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A Christmas Encounter (standard:humor, 2069 words)
Author: FFCScripterAdded: Sep 27 2000Views/Reads: 2193/1232Story vote: 0.00 (0 votes)
A short story about the adventures of two young people, having met via a mutual friend, and the trouble that ensues as their personalities blend into hilarity and wit.....
 



The wind was sweeping the snow into flurries along Interstate 66 as the
Jeep glided smoothly home.  The Christmas season had gone well; not 
only at the retail store in which I worked but at home as well.  It had 
been an enjoyable holiday break, but that may possibly have all ended 
on the night in question had there not also been others taking 
advantage of the hours off from work or from school by choosing to dine 
out.  My favorite of friends had introduced me to a favorite friend of 
hers, and it was agreed that we two strangers keep each other company 
until our mutual favorite was finished at her culinary job.  It was 
because of such that I found myself in a car and in silence. 

t was an awkward silence.  I stole a quick glance at the person next to
me, his hands on the steering wheel, eyes fixated on the road.  Why 
wouldn’t he say something?  Was he waiting for me to start a 
conversation?  I hoped not.  I hardly knew him, but here I was, 
coasting down the highway in his jeep, headed to who knew where, with 
only the steady drone of the highway and constant click of the heater 
to break the silence between us.  I decided to speak first. 

So, um, where do you want to eat?”  Nervously, I turned my face to his
and smiled, hoping to incite conversation, or at least obtain a better 
idea of what to expect for the next few hours.  It was the most crucial 
part, the dinner, for it could lead to either quick and lively 
conversation, resulting in a wonderful evening with the possibilities 
of a repeat, or could turn sour and die before the main course, leaving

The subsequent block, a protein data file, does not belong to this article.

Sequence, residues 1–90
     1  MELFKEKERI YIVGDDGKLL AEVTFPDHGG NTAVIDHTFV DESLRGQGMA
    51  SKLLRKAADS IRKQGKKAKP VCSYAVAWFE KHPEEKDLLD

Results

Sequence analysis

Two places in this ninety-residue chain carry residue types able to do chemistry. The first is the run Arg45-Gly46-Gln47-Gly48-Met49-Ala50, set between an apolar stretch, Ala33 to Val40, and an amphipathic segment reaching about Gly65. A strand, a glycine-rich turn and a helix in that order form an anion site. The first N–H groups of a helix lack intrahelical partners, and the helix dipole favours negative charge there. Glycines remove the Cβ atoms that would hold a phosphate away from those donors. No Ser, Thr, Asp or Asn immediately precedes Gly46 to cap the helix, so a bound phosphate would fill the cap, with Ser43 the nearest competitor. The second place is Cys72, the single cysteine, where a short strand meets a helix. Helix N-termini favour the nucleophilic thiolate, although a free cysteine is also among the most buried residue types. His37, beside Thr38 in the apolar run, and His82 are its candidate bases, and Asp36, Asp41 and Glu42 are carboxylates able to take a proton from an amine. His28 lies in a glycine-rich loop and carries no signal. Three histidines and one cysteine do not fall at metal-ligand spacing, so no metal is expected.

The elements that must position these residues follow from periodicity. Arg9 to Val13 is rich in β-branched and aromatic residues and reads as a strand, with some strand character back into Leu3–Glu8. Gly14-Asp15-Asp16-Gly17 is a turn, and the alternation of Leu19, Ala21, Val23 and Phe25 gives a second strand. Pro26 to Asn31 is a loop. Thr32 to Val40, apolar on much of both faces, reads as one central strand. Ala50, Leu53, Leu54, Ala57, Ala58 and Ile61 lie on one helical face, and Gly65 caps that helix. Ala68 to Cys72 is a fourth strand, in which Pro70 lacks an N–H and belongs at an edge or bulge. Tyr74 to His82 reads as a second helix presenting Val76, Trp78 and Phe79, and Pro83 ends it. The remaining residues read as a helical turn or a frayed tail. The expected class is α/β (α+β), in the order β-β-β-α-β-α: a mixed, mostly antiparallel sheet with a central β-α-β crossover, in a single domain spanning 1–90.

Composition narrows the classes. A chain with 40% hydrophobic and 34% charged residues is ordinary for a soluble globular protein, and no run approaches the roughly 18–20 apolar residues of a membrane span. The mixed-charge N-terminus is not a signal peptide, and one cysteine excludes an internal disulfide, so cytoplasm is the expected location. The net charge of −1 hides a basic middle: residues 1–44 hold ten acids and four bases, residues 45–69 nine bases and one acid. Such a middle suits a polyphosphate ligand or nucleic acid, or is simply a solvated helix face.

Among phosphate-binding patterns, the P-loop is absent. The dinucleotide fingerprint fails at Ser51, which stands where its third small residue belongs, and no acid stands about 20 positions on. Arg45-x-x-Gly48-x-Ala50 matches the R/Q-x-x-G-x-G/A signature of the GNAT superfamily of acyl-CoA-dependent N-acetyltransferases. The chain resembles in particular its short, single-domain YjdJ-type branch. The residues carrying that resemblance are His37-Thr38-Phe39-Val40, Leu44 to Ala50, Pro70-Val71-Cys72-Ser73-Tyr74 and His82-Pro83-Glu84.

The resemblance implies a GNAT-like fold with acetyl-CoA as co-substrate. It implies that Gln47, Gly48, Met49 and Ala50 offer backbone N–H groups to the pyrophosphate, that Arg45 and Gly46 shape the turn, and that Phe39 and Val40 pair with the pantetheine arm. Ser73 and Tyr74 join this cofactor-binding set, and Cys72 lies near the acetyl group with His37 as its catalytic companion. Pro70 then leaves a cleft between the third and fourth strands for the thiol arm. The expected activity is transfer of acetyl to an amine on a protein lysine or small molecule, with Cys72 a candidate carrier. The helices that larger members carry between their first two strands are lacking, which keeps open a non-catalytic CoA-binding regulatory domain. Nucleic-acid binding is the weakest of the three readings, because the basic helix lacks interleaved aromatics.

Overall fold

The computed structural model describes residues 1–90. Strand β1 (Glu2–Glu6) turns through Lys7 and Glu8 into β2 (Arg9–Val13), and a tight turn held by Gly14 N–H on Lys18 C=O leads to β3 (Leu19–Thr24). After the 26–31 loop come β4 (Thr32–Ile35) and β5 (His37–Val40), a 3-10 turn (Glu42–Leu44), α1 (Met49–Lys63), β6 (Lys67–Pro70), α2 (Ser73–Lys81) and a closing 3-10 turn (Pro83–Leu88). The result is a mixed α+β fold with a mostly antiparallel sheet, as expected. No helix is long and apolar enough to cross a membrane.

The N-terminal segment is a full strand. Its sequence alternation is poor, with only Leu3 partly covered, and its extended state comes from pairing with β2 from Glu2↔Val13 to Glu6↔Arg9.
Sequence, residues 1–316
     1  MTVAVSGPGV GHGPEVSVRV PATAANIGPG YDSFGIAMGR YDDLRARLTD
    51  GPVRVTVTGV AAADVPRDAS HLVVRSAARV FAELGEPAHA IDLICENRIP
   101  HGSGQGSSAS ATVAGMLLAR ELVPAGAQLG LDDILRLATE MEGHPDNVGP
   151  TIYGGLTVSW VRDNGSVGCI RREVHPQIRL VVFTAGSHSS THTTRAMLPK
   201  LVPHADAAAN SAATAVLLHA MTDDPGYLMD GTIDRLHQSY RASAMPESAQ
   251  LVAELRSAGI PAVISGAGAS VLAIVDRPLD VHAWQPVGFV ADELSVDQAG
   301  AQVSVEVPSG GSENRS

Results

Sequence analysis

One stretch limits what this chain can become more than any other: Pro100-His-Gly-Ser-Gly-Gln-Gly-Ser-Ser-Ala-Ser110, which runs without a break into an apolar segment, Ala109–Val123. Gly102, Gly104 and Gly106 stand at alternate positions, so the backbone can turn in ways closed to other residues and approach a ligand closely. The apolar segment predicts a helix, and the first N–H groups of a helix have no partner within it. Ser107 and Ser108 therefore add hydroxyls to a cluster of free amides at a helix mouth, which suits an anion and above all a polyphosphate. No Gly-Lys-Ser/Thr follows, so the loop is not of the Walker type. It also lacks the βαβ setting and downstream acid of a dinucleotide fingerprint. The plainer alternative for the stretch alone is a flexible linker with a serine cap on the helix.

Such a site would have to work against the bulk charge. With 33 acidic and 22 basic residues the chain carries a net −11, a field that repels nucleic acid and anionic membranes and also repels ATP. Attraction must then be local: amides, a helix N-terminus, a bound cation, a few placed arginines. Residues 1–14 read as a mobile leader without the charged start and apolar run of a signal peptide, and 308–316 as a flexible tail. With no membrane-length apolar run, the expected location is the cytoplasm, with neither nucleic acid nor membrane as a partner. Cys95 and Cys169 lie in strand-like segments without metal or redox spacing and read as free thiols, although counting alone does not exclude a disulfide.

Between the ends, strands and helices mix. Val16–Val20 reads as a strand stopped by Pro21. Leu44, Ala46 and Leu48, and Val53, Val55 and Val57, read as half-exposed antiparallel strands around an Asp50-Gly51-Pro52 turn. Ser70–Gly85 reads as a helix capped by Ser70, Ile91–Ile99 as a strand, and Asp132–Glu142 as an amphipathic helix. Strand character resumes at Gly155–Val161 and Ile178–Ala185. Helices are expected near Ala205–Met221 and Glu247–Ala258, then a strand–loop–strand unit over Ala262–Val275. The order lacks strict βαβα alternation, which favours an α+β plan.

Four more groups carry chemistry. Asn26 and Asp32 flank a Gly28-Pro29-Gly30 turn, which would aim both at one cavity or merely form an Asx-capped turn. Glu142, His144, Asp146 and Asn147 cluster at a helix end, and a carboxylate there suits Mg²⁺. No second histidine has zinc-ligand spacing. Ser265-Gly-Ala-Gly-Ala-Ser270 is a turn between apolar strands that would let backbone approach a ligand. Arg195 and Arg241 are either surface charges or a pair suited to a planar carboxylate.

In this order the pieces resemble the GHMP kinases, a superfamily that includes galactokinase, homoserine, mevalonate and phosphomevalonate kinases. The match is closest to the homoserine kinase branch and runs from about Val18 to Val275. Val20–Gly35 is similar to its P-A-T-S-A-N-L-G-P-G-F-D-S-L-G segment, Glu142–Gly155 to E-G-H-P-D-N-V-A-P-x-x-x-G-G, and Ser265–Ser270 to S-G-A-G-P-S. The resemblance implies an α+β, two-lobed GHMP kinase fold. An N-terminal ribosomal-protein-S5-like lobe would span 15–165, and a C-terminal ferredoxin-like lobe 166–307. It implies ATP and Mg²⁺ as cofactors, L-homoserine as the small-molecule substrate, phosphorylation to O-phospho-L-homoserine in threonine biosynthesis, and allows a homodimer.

not only a bad taste and empty belly but an unfavorable mark on both 
parties, thus eliminating any chances of a follow-up.  I prayed he 
wouldn’t opt for McDonalds. 

Well, I really don’t want to eat at Micky D’s, so I was thinking maybe
AppleBees.”  I squealed with excitement.  I loved AppleBees!  The 
evening was off to a great start already. 

We arrived at AppleBees and took our seats.  By now the channels of
conversation had been opened, and we were talking and laughing amongst 
ourselves as though we were old friends.  I questioned him concerning 
his life in California, clinging to every word.  Stories of movie stars 
and Nickelodeon filled the air, captivating me in awe and anticipation. 
 I was mystified as his lips moved gracefully, uttering unbelievable 
tales in casual conversation, as though happening upon such divas as 
Ashley Judd and Goldie Hawn were common place occurrences in everyone’s 
life.  Captivating, simply captivating, it was. 

We ordered our food and the banter continued.  I warmed up to him
immediately, with a seemingly equal attraction radiating from him 
toward me.  The food came without our even realizing time had passed.  
It wasn’t until the platters of steaming morsels were placed before us 
that we finally clicked, and our creative juices intermingled, 
conjuring a festive potion of frolicsome fun and delight. 

We immediately set to work on the edibles, painstakingly taking bites
between paragraphs, the music of our dialogue ringing in our ears as we 
filled the gaps of our personalities, giving more and more information 
as to our likes and dislikes.  How alike we were!  I carefully watched 
him cast a mischievous eye over the other patrons in the dining 
establishment, and leaned in closely when his voice dropped so as not 
to miss a solitary word. 

“We are surrounded,” he spake in hushed terms, “by unsuspecting
partakers in the same delicacies as we ourselves have partaken in.”  I 
was enthralled at the gentle lilt and rhythmic meter of his speech.  It 
was as though I was watching Homer write an epic, or Shakespeare pen a 
play.  “The difference between them and us, my dear sir, is what they 
hold to be their audience.  They are too consumed and concerned with 
supplementing their appetites and fulfilling their dietary needs to 
recognize the likes of us.”  I was on the edge of my seat, drinking in 
every word, not daring to guess at where his prolific testimony was 
leading.  It was too exciting, too surreal, to analyze.  “Therefore,” 
he continued, “I propose that we divert their attention from their 
flatware and focus instead their attention to us.  We are, after all, 
going to one day be the idols of their children, powerful citizens of 
this great country, and it is only fair that we allow these people 
moments that they may reflect upon in future years.  They will savor 
this day, for they will recall, and believe, that they were more 
glorious and dignified than we two shall be this day.  Having said 


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